In the Heart of the Sea

The Tragedy of the Whaleship Essex

Philbrick, Nathaniel

Book - 2000
Average Rating: 4 stars out of 5.
In the Heart of the Sea
Soon to be a major motion picture starring Chris Hemsworth, Cillian Murphy, Ben Wishaw, and Brendan Gleeson, and directed by Ron Howard. "With its huge, scarred head halfway out of the water and its tail beating the ocean into a white-water wake more than forty feet across, the whale approached the ship at twice its original speed--at least six knots. With a tremendous cracking and splintering of oak, it struck the ship just beneath the anchor secured at the cat-head on the port bow. . ." In the Heart of the Sea brings to new life the incredible story of the wreck of the whaleship Essex--an event as mythic in its own century as the Titanic disaster in ours, and the inspiration for the climax of Moby-Dick. In a harrowing page-turner, Nathaniel Philbrick restores this epic story to its rightful place in American history. In 1820, the 240-ton Essex set sail from Nantucket on a routine voyage for whales. Fifteen months later, in the farthest reaches of the South Pacific, it was repeatedly rammed and sunk by an eighty-ton bull sperm whale. Its twenty-man crew, fearing cannibals on the islands to the west, made for the 3,000-mile-distant coast of South America in three tiny boats. During ninety days at sea under horrendous conditions, the survivors clung to life as one by one, they succumbed to hunger, thirst, disease, and fear. In the Heart of the Sea tells perhaps the greatest sea story ever. Philbrick interweaves his account of this extraordinary ordeal of ordinary men with a wealth of whale lore and with a brilliantly detailed portrait of the lost, unique community of Nantucket whalers. Impeccably researched and beautifully told, the book delivers the ultimate portrait of man against nature, drawing on a remarkable range of archival and modern sources, including a long-lost account by the ship's cabin boy. At once a literary companion and a page-turner that speaks to the same issues of class, race, and man's relationship to nature that permeate the works of Melville, In the Heart of the Sea will endure as a vital work of American history. nbsp; nbsp;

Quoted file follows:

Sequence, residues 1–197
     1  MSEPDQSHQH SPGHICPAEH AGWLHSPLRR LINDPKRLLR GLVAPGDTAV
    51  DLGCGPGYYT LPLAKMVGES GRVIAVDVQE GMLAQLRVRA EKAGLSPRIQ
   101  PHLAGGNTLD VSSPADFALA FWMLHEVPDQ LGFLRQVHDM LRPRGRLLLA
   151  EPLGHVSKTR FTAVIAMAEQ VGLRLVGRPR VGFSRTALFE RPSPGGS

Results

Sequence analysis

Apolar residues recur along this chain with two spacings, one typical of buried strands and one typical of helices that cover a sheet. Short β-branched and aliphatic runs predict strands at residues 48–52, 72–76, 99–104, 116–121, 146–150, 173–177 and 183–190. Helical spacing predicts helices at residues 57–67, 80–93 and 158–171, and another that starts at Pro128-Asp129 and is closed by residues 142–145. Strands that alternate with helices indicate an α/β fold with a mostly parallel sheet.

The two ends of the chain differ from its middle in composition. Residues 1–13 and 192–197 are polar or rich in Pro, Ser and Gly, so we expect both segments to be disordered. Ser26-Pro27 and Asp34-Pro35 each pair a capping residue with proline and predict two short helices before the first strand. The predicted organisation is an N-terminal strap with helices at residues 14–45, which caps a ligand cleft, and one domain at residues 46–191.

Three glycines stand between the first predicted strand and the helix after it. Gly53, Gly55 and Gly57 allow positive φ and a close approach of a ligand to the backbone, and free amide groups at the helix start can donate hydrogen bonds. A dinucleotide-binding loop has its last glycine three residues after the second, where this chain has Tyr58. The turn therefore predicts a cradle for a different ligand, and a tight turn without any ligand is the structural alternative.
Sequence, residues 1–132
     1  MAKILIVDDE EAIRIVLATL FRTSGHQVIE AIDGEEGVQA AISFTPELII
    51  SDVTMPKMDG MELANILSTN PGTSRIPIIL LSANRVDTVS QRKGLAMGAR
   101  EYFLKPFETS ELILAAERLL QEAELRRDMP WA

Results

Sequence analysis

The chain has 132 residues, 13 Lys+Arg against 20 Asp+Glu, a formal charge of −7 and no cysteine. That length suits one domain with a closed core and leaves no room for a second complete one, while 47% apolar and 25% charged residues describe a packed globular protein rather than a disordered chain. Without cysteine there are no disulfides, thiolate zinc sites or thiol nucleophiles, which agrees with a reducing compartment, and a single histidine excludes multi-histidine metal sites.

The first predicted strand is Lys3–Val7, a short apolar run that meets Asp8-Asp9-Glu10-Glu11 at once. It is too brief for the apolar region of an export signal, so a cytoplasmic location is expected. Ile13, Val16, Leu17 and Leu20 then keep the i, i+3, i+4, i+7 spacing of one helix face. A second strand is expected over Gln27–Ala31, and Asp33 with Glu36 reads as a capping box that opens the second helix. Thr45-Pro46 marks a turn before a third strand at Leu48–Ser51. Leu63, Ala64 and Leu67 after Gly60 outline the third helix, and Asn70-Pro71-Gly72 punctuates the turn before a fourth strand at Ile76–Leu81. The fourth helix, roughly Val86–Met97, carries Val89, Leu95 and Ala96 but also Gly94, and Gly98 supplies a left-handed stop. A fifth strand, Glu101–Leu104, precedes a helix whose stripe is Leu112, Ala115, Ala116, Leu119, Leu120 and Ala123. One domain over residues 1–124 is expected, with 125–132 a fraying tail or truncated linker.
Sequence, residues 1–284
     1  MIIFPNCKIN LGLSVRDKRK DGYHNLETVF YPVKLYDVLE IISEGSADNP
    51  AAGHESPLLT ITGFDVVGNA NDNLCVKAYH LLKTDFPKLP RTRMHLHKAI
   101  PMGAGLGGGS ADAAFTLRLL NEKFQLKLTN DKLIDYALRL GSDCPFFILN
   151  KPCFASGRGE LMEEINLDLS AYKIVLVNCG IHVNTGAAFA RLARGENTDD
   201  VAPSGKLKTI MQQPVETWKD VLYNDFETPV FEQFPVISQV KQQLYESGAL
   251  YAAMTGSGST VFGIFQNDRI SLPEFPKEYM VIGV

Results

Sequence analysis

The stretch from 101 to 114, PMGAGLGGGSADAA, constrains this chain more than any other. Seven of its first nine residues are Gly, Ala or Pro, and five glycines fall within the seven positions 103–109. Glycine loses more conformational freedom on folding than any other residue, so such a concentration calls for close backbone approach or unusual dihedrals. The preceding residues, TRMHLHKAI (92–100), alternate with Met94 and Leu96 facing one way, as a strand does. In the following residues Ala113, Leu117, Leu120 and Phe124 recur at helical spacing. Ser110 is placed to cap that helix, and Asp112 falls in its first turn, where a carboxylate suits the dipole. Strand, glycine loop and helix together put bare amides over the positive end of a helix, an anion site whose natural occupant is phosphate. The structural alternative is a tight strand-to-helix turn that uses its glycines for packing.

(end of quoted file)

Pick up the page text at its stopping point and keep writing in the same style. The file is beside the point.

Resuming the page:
Publisher: New York : Viking, 2000
ISBN: 0670891576
Branch Call Number: G530.E77 P45 2000
910.9164 P545i
Characteristics: xvi, 302 p., [16] p. of plates : ill., maps, ports. ; 24 cm


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Jan 12, 2015
  • LMN1988 rated this: 5 stars out of 5.

Best book I've read in a long time. This haunting, true story had me captivated from the very first page. Also renewed my interest in reading Moby Dick.

Jun 30, 2014
  • Lexxuss3o rated this: 5 stars out of 5.

Oh My Gosh! So much I could say about this true story of whaling. You will learn about the voyage of the Whaleship Essex, hear about the whale and its attack, and finally, the sinking. What follows the sinking is for you to read in the quiet of night. It warrants no further comment except the likely outcome for you that you will not be able to put the book down.
This is a very well-researched and beautifully written book, You, simply, will not be able to put it down.

Mar 20, 2014
  • KCLSRecommends rated this: 5 stars out of 5.

The true (& unique) story that inspired Melville's classic "Moby Dick"! Hard to believe how one whale could act with such intelligence and (well-deserved) malevolence in wrecking this whaling ship -- and how it seemingly had never happened to any whaling ship before or since!

Aug 23, 2013
  • sess430 rated this: 3.5 stars out of 5.

This is a gripping & horrifying story of survival of the ship-wrecked sailors in the Pacific Ocean that took place in 1820 after the Essex was attacked by a whale. I read online that Ron Howard is set to begin filming the story in September. I'm not sure I'll have the courage to see the horror enacted on the big screen.


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